BCG SA partner Urs Reinhard says while many global players have curbed unit costs in the wake of falling commodity prices and dwindling demand, SA has not.
Odd one out
“Many companies have managed to bring the annual increase in unit costs down, from 10% to around 3 to 5%. SA is an outlier in this regard, because unit cost inflation has remained thereabout,” says Reinhard.
Defining value as a measure of total shareholder returns (TSR) – comprising changes in profits, the valuation multiple (EV/EBITDA) and free cash flow contributions, which only include monies paid to shareholders in dividends or share buy-backs, the report looked at the performance of 101 mining companies over the last five years, finding an average loss in TSR of 18%.
Only 11 companies created value from 2010 to 2014. The study includes local companies African Rainbow Minerals, AngloGold Ashanti, Exxaro Resources, Gold Fields, Harmony Gold Mining and Impala Platinum and attributes the loss in value to productivity efforts not being enough to reverse investors’ loss of appetite for stocks.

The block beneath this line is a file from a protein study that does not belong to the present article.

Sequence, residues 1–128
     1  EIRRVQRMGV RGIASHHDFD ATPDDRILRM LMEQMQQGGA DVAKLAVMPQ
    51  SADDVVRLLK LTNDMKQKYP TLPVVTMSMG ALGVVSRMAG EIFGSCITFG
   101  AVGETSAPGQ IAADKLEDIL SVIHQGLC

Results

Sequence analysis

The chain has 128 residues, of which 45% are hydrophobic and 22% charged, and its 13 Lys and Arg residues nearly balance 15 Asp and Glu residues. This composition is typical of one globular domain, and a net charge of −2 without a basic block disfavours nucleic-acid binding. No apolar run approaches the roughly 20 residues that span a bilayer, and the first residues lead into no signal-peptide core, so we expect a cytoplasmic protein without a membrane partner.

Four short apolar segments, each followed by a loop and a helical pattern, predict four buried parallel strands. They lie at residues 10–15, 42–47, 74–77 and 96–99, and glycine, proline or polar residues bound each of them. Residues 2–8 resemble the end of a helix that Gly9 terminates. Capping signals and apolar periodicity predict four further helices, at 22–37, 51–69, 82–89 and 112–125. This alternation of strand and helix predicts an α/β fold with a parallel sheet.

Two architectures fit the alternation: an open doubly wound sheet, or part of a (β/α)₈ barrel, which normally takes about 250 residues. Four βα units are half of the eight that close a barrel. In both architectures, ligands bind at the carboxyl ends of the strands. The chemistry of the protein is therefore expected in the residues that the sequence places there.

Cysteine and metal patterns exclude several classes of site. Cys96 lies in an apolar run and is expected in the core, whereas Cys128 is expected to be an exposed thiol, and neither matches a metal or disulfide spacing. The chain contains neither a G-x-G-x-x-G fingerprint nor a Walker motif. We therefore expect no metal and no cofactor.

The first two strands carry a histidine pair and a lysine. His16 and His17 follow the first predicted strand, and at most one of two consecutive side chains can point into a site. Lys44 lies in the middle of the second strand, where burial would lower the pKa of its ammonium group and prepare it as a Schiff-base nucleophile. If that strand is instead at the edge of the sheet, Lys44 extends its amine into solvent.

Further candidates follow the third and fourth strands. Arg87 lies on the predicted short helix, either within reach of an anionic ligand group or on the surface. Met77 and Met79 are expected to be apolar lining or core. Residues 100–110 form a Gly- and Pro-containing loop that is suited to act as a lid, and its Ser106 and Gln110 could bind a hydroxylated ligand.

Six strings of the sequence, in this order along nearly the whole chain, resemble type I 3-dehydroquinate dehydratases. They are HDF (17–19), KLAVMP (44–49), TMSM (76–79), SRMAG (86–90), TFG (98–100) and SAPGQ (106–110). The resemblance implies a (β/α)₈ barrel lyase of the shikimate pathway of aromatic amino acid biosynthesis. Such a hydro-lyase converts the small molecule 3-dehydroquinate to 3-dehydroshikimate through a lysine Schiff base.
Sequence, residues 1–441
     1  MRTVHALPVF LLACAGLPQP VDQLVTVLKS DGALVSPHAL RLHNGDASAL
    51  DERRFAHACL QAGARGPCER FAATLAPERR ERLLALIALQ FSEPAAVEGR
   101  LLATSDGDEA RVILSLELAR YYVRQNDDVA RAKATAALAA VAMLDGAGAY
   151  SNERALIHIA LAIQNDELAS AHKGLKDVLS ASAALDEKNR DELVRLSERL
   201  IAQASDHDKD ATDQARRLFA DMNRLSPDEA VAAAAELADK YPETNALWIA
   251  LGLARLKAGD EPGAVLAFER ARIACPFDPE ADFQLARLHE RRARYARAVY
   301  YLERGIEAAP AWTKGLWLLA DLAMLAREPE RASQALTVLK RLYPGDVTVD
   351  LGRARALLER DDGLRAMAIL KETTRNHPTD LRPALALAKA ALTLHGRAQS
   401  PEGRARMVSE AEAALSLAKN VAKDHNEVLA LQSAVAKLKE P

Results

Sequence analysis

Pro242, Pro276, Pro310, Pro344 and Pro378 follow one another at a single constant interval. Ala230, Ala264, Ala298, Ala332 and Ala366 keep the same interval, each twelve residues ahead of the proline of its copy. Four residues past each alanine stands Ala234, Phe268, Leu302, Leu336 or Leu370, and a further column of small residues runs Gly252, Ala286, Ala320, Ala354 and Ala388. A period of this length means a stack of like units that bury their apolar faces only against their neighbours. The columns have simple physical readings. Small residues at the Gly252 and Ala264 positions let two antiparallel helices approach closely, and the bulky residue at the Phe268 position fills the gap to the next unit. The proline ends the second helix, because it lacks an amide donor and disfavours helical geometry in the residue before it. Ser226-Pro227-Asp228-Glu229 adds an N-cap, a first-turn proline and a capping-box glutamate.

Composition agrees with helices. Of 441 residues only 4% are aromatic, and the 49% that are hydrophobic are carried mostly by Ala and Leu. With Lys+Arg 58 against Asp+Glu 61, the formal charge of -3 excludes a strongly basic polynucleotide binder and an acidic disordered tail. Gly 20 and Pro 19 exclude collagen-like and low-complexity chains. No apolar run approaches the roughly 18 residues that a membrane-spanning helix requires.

Alexander Koch, a BCG partner, says: “Mining companies need to start now to replace depleting resources and drive long-term profitable growth.” That is where SA has fallen behind. Cadiz Corporate Solutions mining analyst Peter Major says of the $1 trillion dollars of global mining investments funded over the last 12 years, less than 2% has gone into SA.
Unions, state to blame
“If you look only at how many new mines have been established from new entrants in that time, I’d be willing to bet it’s less than 1%,” says Major, who believes government, unions and the companies themselves are to blame.
“No investor in the world today sees SA’s mining industry as an attractive prospect because it has been such a black hole for mining investments for over 10 years now.”